Vaccinations for Hepatitis A, Tetanus and Rabies are recommended for travel in Jordan. Check all of your vaccinations are up to date, getting any boosters that may be required. If you have not been vaccinated against Rabies be aware it is usually administered as a course of three injections over one month, setting enough time aside before travel. Even then be aware that it will not buy total immunity; it is a pre-exposure vaccine buying time to get to a hospital. Whilst vaccination is not compulsory hikers visiting remote areas should consider all, especially Rabies. Dogs can be aggressive near remote desert camps and several attacks have been reported by people walking Jordan's hiking trails in the last few years, with some requiring treatment in hospital.
Women travellers face extra pressures in many parts of the Middle East. Sexual harassment is common in urban areas across Egypt but it seems less of a problem in Jordan. Nevertheless, it is not uncommon and can come in many forms, from uncomfortable, lengthy stares to catcalls, declarations of love or surprise marriage proposals. Generally, it is best to dress conservatively, covering arms to the wrists and legs to the ankles. Some women say wearing a headscarf helps. Stories abound of women being hoodwinked into relationships - especially around Petra - so caution is advised in measuring the motives of any suitor. Most women in Wadi Rum have positive experiences and should not be unduly concerned about hiking with a male guide.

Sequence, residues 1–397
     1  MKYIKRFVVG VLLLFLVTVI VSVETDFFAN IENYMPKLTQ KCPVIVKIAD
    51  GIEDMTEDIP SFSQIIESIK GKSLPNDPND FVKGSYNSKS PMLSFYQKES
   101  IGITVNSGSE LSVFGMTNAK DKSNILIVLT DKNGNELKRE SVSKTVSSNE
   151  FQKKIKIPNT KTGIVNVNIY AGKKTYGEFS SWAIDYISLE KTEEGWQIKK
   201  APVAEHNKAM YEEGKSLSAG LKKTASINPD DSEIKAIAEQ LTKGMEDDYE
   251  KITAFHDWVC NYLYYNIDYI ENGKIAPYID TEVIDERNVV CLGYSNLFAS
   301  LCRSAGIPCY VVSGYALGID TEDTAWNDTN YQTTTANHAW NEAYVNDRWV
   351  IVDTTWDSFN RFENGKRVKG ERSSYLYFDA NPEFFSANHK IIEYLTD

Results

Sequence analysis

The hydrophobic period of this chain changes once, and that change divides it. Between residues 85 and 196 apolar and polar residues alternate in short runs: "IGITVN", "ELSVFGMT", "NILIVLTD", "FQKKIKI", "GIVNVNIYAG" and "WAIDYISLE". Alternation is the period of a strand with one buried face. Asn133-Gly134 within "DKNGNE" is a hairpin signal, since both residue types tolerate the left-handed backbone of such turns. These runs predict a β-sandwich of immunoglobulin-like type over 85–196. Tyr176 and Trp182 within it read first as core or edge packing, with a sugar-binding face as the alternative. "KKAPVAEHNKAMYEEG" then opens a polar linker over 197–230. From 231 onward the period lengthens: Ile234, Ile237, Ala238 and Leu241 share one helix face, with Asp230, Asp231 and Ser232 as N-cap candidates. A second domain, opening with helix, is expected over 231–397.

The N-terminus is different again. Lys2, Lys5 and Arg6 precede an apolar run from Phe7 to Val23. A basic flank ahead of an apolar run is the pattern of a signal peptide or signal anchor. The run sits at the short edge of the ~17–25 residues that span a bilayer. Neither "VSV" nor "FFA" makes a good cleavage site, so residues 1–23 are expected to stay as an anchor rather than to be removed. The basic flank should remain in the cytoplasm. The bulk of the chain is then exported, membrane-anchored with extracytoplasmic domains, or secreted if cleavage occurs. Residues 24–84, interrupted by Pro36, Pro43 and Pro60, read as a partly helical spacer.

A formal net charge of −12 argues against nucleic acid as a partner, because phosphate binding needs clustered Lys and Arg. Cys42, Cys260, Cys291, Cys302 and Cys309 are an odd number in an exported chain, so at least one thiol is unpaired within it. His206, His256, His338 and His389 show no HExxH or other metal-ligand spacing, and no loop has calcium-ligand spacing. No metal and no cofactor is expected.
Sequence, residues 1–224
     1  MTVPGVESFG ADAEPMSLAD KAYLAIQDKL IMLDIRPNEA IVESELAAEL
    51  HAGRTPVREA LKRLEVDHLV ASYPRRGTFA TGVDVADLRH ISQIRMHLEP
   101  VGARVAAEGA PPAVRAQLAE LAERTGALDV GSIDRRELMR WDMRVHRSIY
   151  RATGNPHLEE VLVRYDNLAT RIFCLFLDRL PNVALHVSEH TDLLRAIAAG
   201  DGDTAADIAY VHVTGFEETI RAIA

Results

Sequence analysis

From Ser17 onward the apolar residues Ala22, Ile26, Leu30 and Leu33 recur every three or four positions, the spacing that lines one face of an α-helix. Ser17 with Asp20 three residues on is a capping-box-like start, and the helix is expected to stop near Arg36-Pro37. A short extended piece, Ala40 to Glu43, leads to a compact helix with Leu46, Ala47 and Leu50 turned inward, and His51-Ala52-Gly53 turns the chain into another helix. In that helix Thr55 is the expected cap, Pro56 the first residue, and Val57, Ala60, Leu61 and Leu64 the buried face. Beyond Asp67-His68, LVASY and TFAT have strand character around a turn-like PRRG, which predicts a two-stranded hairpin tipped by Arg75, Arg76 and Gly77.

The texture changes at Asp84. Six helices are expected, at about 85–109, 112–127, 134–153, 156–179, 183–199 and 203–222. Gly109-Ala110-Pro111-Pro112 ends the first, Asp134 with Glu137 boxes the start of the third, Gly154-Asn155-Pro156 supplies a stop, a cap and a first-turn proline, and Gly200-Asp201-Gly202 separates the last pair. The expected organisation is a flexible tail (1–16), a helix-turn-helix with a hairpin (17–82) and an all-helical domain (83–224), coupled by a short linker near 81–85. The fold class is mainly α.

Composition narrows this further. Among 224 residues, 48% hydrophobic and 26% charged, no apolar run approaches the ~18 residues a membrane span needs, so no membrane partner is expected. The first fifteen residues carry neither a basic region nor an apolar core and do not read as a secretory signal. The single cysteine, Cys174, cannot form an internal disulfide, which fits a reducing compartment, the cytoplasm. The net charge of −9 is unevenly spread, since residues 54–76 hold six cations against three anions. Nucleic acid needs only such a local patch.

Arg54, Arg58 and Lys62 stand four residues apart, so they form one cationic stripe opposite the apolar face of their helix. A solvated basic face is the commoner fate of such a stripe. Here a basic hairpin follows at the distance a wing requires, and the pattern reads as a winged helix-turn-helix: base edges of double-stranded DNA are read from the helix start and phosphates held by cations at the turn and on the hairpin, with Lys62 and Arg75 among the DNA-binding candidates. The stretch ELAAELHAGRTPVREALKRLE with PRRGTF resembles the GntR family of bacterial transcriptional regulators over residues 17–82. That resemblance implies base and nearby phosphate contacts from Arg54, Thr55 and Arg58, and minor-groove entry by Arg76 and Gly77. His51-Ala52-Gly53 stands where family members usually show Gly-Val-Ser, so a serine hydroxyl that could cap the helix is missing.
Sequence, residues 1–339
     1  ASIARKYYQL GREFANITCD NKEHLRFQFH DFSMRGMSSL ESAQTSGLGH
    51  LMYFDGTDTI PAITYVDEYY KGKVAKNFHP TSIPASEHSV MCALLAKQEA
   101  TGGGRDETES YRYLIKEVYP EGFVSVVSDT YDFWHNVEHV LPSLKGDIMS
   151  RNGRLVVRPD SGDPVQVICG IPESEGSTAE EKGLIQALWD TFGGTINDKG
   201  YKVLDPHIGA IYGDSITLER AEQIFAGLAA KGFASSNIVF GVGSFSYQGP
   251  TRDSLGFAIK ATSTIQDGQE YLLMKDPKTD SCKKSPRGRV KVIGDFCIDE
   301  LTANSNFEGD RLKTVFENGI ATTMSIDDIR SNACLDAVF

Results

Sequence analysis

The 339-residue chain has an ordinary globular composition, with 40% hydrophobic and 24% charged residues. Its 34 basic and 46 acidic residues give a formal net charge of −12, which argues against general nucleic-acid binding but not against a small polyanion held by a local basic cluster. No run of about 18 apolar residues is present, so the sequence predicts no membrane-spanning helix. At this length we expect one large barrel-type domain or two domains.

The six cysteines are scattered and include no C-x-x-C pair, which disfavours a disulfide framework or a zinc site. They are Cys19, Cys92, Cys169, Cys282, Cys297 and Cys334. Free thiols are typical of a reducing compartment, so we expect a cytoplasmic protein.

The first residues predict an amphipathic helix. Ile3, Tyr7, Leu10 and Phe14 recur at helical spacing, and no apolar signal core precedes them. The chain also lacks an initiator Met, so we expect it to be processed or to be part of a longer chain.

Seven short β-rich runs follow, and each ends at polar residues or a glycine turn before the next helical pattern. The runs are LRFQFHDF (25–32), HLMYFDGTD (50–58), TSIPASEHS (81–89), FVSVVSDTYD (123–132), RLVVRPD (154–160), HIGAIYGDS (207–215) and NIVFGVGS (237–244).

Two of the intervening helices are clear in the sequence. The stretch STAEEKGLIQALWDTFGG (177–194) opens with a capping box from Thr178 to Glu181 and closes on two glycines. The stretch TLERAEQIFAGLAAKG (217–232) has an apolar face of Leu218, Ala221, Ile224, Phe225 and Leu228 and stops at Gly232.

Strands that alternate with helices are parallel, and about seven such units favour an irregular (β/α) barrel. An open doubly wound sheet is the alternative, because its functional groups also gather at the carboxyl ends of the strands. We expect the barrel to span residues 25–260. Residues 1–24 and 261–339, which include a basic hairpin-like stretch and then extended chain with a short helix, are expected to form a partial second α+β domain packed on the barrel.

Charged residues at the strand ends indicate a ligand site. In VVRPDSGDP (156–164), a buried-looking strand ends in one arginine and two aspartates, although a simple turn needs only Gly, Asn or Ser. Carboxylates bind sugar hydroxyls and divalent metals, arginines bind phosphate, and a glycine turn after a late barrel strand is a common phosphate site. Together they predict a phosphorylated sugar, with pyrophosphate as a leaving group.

Safety & security
The Middle East is often represented as a place of danger and whilst parts of the region have seen serious unrest over the last decade Jordan has stayed almost entirely trouble-free. It has long been one of the region's safest, most stable countries and travellers in Jordan should not have any more concerns than they would moving around Europe or the USA. Hikers on the Bedouin Trail should consider themselves in one of the safest parts of all; alongside Jordan's security forces, Bedouin tribes watch and control their lands closely and add an extra level of intelligence and protection, considering it a duty to keep their guests safe. Street crime is extremely rare and it is generally much safer to walk around Jordanian towns than towns in the West.